Cash, arcade games, and gleeful griefing: the education of Seth Killian
Seth Killian held the title of “Strategic Marketing Director, Online and Community” at Capcom, and it's hard to pin down exactly what that meant, because he seemed to be everywhere. He has always been a voice for the fighting game community, and loves what happens when two people test their wills via competitive gaming. He co-founded the EVO championships. He grew up playing Street Fighter competitively, and joined Capcom when he caught wind of Street Fighter IV going into production. Seth, that game's boss character, was named after Mr. Killian. I had spoken to him earlier in the year about his history playing fighting games in the days of the arcade; his departure from Capcom and new position at Sony Santa Monica provided the perfect excuse to share some of that conversation. Killian rose up in a community that seems like it was from another time. He was one of the personalities exploring the art form of beating the shit out of people via fighting games in a time before the Internet was common, and he made his mark traveling to different arcades to play for money. Truth be told, based on his description of those years, and in sharp relief to his friendly persona now, he was also something of an asshole.
The joys of angering your opponent
“I’ve always been kind of a griefer. I enjoy sticking it to someone else, once in a while, hopefully in not too vicious a way. The idea that I as a punk coming off the street and could beat a dude who was 19 or out of high school was unimaginable to me,” he told me. “And you could tell the guy wanted to throttle me, but he was just barely not allowed to do that. That’s thrilling. And there was money on the line, kind of. It’s not really gambling, you both put in money and one person leaves and the other keeps playing,” he said. Killian didn’t have much money growing up, so he would camp by the machines, waiting for other people to play so he could watch and pick up tricks and strategies. “Street Fighter was immediately compelling to me. I knew if I was good I could keep that quarter going without having to pay again for a long time,” he explained. He loved gaming in general, but he quickly saw something special in the Street Fighter II game, and the community that was growing around it. “There’s a sense of depth that was apparent to me about the game right away. It was like walking on the beach and finding a crafted item, versus the rest of the stuff in the sand,” he said. “This is a thing. It just stood out versus the other games in terms of craft and care and thought.” He imagined the game to be a mystery box, and he felt that with enough practice he could open it and understand what was inside. The play wasn't random, nor was it stacked against the player. You could figure it out and beat it, and in turn beat other people. His secret was to stand back to watch players and their respective styles. Who in the arcade liked to pick which character? Did they like to jump, or stay on the ground? He began to find ways to use people’s habits against them. This trick allowed him to stand out in the local arcades; he was playing the other person as much as he was playing the game. “I had immediate success with that, and you could tell because people became agitated,” Killian said. “That really hooked me, because it wasn’t just beating this older guy, it was making him mad.” It was the first time Killian had seen a game cause an immediate emotion reaction in other players. Then something interesting happened: Players began to share information online. “It was like the birth of the Internet, there was a lot of things going on in Usenet,” he recalled. The conversation about Street Fighter overwhelmed the general video games discussion, so they were kicked out to begin their own group. “I remember arguing about whether there was such a thing as a combo. People were talking about getting hit with a jump kick and then a sweep and they couldn’t block it, and they were told that they had to block down-back, and people said that didn’t work. It was super basic stuff, but people didn’t know.” There was no easy way to share videos or proof of your exploits, if you read about a strategy or a glitch, you could only confirm it by going to your local arcade and attempting it yourself. After a while arguing online turned into trips to other arcades to challenge local players in order to see the strategies of other players outside of his area. Killian traveled to distant arcades during summer and spring break in his college years. Part of these trips was to keep an online reputation for high-level play. Part of it, he admitted with a laugh, was to make money betting on games. The “sort of” gambling turned into actual gambling. “I just loved the action. When gamblers talk like that, I know exactly what they’re talking about. I wanted to win, but the fact that this was happening at all was the thing of it. Gamblers just want to have their money in the game, even if they lose.” I grew up with my own smoky arcade/hangout in my neighborhood, where it was known that you could also buy cheap pot around back, among other things. I asked Killian if he ever feared for his safety. He didn’t hesitate. “Oh yeah. That was not uncommon. I witnessed fights. There was a knife incident at one of the arcades I played at, although I wasn't there. A lot of players have these kinds of stories, because there’s no question that for as much as I spent time telling my mother that arcades just had a bad reputation, it wasn’t the case. They really were shady places.” He had to ride his bike or find a ride into Chicago to play, since video games were illegal in his town. There was money to be made in the arcades, sure, but there was also the very real threat of being punched in the face for your efforts. The world was a very different place before people could troll with immunity online. During one match, with money on the line, the locals became agitated and their friends started to show up and muscled around the machine. Killian remembers being disturbed by the energy around the place. “I remember telling my friend Benny, you know, you have to go start the car.” Killian grabbed the money and made good his escape. He was threatened on multiple occasions, and had friends who ended up on the bad end of physical confrontations.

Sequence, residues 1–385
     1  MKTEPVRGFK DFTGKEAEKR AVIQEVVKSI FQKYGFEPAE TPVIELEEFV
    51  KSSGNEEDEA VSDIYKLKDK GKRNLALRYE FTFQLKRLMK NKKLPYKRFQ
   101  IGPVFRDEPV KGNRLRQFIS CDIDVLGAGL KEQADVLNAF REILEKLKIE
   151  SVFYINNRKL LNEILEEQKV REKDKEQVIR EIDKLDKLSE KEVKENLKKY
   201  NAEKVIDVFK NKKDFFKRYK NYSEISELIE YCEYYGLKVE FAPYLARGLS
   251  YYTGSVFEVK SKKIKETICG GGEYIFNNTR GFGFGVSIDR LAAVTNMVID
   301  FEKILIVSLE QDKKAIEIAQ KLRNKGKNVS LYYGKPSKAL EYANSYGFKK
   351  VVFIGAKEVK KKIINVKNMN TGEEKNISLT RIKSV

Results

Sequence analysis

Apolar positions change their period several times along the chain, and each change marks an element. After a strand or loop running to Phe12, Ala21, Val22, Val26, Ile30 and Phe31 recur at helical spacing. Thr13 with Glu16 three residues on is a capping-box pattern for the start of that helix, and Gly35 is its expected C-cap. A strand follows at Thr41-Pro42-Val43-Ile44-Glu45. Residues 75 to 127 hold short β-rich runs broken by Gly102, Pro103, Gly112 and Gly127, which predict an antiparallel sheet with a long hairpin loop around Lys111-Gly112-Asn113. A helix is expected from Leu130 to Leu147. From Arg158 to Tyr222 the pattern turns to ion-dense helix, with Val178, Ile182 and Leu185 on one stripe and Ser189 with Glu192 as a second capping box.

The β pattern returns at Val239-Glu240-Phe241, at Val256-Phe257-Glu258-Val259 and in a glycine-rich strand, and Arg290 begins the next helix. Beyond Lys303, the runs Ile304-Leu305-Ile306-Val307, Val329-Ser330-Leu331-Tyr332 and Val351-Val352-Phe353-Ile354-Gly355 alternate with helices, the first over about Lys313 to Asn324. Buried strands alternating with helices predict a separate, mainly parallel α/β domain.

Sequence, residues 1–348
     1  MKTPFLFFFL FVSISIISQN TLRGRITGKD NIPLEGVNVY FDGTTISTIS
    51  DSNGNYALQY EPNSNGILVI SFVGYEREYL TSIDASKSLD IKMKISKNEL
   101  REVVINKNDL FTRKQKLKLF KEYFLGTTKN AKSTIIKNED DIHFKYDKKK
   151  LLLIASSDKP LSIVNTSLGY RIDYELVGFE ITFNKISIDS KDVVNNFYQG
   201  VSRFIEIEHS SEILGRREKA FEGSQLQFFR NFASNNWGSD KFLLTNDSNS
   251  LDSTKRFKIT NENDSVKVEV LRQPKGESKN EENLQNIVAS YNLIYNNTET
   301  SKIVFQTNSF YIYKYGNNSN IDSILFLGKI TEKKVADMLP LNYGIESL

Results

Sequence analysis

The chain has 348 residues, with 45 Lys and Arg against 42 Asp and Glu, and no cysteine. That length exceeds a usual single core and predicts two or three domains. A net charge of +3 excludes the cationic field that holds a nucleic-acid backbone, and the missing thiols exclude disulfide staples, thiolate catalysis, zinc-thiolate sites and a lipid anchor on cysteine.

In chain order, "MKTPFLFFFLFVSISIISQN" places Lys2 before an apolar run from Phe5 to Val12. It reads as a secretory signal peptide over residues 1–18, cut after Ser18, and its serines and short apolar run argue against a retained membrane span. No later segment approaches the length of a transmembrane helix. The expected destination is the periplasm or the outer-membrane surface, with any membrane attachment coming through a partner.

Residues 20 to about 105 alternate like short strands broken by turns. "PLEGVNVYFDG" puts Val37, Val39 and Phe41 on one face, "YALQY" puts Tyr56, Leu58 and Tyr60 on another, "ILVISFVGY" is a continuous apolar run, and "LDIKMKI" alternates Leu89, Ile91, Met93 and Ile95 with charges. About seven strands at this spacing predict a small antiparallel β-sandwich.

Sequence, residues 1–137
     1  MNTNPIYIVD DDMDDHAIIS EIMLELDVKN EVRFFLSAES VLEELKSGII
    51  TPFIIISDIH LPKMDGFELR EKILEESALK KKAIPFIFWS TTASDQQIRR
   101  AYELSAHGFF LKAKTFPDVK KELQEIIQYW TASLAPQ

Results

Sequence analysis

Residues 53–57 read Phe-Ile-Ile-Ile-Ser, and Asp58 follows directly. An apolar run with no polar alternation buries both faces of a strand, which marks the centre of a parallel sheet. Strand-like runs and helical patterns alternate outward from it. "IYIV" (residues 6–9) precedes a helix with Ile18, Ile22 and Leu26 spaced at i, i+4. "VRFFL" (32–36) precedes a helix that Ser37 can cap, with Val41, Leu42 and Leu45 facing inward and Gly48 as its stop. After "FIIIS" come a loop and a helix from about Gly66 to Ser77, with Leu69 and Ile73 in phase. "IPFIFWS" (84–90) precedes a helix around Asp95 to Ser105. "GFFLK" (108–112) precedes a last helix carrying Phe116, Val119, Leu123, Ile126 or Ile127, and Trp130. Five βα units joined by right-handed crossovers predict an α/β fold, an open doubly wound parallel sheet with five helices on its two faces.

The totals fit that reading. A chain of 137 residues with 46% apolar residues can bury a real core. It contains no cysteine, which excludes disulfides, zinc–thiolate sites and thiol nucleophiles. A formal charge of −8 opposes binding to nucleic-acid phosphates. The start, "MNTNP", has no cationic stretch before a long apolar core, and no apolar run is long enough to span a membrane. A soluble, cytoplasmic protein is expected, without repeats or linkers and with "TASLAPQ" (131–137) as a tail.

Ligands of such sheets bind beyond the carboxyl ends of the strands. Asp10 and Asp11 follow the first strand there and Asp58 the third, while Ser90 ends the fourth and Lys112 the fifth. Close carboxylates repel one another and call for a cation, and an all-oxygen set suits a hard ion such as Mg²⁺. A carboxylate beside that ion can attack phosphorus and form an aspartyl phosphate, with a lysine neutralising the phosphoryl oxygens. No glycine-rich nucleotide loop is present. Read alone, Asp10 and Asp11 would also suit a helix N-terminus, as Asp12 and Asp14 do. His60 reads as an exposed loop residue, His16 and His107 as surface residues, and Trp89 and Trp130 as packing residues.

Evolution came slowly, and you had to piss people off first
Killian pointed out that it’s difficult to describe how different things were in terms of information flow. You couldn’t just talk to Capcom about things you discovered in the game, and people in different arcades found different styles and methods of play. The idea of owning an arcade board yourself was crazy. Ideas and concepts of play spread slowly, and had to be tested on the local level. It was a science: The players came up with theories and had to test them in the arcades. There were no strategy guides, and players in different parts of the country could play in vastly different ways. “There were things like the rumors of Chun-Li’s handcuffs, because Guile’s magic throw ended up being true,” he said. “I remember the first time I saw the magic throw with Guile and said what the fuck, for real? That’s for real? So what about the rest of it?” It was like seeing a real live Yeti in the wild, now who can say that vampires don't exist?It was also common for arcades to enforce an “arcane” set of rules about when it was okay to throw, and when throwing became cheap. In some arcades, if you threw another player they expected to be able to throw you back for free. “I remember going to the University of Illinois, and meeting this guy named Ming.” He would throw people with glee, just having fun with the cheap attacks. “I was wondering why no one was kicking his ass, and not in the game, either,” Killian said. Ming took joy in capitalizing on every advantage, and no one knew how to counter his